It seems to me there are two aspects of  patience.  There is patience with oneself and patience with the process.  I find my natural inclination is to put some effort into something and then expect some results (impatience with the process).  When the results aren't coming after I've put in whatever I've deemed to be acceptable effort I feel disappointed.  I watch myself repeat this process.  And it's not that I don't know better.  It's just that sometimes I just forget.  This has come up as my Dharma for today for a couple of reasons.  I was feeling disappointed that I hadn't sold anything at my on-line site.  I was reminded by a fellow artist and Dharma friend that it takes time and to keep on, keeping on.  Ours is not to choose the timelines but to do what seems good in our heart of hearts and let go.  This creates the atmosphere of patience that can fill our space and help us carry on in a steady, grounded way.  It was wonderful advice and just what I needed to hear. .... See things from a wider perspective, the bigger view.

In terms of practice itself I have found that after 4 years of training I am only beginning to see results in some areas of my life.  And that is just how it is.  It takes time and patience.  If I'd given up at one year or two years of training I would not have seen some of the results I am seeing in my life, a lessening of anger, a growing compassion, the ability to let go (sometimes).  And in this respect it has been not only patience with the process but patience with myself ... to be willing to cut myself some slack,  to not hold myself to impossibly high standards.   This is sometimes the hardest part of patience, one we often miss, I think, patience with ourselves.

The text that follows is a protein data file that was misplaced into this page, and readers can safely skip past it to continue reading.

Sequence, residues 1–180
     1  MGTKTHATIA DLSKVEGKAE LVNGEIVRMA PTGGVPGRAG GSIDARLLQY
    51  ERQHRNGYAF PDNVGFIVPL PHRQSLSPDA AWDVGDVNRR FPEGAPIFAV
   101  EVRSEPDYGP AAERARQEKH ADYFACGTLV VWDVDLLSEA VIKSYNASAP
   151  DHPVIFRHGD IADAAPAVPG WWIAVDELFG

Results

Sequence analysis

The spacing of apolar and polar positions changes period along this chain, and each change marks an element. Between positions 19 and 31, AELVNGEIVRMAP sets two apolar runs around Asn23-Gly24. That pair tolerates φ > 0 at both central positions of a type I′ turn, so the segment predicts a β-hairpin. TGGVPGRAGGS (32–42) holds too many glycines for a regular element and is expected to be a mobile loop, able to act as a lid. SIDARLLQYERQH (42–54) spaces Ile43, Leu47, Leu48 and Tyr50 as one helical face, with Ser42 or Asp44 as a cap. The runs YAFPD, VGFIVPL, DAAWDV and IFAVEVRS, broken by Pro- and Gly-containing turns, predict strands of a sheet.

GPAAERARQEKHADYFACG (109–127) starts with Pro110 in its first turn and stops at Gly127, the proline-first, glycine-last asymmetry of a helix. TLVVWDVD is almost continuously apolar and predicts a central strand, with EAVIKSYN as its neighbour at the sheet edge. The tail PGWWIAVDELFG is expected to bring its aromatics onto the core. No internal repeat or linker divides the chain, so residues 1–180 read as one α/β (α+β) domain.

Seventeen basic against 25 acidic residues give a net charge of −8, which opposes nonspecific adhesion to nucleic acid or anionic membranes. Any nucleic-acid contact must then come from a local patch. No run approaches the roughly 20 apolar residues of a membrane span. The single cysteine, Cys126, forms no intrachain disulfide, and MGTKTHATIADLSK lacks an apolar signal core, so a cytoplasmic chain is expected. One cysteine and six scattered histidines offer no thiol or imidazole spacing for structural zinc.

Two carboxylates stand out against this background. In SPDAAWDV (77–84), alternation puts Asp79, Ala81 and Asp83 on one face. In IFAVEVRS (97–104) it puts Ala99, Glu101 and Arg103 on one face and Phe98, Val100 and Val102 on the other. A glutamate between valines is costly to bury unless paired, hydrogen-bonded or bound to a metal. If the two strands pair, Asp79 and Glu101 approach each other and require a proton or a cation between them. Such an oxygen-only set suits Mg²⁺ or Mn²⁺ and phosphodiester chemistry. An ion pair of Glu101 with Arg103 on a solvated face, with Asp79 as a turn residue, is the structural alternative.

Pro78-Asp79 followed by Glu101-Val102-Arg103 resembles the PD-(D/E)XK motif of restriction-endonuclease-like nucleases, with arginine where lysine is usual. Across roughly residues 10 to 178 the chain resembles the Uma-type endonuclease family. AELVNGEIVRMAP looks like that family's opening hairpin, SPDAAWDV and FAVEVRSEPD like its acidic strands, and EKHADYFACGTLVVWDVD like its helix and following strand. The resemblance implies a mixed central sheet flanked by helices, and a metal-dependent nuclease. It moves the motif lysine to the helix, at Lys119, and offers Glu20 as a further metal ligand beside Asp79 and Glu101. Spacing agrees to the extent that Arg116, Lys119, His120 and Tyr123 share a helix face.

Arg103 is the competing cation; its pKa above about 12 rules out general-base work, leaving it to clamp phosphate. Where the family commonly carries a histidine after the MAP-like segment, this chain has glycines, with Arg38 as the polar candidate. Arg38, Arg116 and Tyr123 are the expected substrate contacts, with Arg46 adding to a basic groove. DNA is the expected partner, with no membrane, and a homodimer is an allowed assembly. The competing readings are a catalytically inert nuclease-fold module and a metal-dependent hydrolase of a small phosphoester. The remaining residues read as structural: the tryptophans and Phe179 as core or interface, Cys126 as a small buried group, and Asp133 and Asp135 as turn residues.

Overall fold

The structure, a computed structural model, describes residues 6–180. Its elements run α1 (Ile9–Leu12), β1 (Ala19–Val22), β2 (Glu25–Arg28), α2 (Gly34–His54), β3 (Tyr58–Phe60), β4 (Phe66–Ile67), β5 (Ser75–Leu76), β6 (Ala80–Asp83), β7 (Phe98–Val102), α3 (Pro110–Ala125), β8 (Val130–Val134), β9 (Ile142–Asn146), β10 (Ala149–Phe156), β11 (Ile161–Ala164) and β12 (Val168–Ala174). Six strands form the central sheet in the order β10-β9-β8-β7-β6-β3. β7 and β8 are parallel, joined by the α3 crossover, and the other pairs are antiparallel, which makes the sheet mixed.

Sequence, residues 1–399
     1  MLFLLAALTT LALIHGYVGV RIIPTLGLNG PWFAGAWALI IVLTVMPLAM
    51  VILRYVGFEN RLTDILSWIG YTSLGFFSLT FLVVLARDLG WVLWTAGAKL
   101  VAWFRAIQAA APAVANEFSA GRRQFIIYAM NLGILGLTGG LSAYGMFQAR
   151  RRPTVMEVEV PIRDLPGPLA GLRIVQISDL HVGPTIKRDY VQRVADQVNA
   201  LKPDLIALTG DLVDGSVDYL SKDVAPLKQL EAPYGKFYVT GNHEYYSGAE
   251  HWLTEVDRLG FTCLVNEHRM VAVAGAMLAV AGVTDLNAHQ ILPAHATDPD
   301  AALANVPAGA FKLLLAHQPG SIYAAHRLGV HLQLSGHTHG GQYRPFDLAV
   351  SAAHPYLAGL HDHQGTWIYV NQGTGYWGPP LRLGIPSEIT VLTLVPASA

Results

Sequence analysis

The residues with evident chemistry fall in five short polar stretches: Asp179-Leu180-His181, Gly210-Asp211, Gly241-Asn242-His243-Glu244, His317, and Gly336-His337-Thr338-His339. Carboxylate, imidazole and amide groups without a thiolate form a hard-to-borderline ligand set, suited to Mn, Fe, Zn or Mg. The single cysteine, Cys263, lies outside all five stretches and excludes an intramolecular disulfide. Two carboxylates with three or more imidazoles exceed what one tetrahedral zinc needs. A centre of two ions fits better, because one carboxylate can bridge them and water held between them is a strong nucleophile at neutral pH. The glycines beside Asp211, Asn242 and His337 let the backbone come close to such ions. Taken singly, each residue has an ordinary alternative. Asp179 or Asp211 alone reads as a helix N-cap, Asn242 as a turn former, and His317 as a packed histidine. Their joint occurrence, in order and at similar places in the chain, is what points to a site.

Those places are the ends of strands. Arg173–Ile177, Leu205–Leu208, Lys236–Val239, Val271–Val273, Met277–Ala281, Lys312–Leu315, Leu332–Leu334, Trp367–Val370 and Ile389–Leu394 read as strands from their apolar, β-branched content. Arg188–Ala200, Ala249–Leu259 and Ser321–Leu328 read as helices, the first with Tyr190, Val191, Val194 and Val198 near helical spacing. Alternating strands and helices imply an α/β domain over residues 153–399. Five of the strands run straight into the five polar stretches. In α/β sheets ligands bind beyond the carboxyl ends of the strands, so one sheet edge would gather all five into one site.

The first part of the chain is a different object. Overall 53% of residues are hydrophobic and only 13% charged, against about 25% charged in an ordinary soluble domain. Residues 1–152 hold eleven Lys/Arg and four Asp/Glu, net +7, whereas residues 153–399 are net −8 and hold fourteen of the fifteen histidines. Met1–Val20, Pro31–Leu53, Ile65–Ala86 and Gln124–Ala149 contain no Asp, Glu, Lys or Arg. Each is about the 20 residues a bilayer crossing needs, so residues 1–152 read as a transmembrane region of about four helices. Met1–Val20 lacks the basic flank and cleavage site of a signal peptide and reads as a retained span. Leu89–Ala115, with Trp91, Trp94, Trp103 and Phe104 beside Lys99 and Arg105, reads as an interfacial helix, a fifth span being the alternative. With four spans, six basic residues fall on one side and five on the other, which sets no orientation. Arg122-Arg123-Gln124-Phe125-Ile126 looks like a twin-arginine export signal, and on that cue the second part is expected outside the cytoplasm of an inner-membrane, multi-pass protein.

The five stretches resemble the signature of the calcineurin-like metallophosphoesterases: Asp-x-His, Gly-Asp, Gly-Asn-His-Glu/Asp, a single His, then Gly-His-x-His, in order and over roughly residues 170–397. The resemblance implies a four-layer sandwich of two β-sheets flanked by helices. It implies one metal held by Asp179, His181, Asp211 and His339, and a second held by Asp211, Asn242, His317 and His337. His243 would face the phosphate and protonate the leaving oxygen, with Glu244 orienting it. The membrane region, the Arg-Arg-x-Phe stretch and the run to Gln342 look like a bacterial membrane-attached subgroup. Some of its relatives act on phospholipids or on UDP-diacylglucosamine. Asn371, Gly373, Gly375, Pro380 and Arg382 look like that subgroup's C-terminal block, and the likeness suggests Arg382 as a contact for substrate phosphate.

And there is a little saying I love about patience - "Patience is the reward of patience," which I believe is attributed to St Augustine.

Monday, January 19, 2009

Are You Empty?

Today I visited my friend the Buddhist monk.  It is always a wonderful opportunity to talk Dharma and ask questions.  I asked about something that came up for me as I wrote yesterday 's blog ....  the fact that when I noticed a former pleasure (shopping) no longer held any interest for me  there was a sense of loss, a sense of discomfort in this recognition .... a small sense of not knowing who I was anymore.  I have noticed this in other situations as I've gone on with training, that all of a sudden I will recognize that things that formerly brought me pleasure no longer do and there is some disappointment associated with this at first.

"That is emptiness," was her comment "and we're often uncomfortable with emptiness.  We try to fill up the emptiness with activity, with busyness."  It was interesting to me too that she called this emptiness, this uncomfortable feeling of not knowing... When I think about the Buddhist term "emptiness" it seems deep and mysterious and hard to comprehend but there it was explained as a simple phenomena of daily life.  When you don't know what to do, who you are, what to be .... you are experiencing emptiness.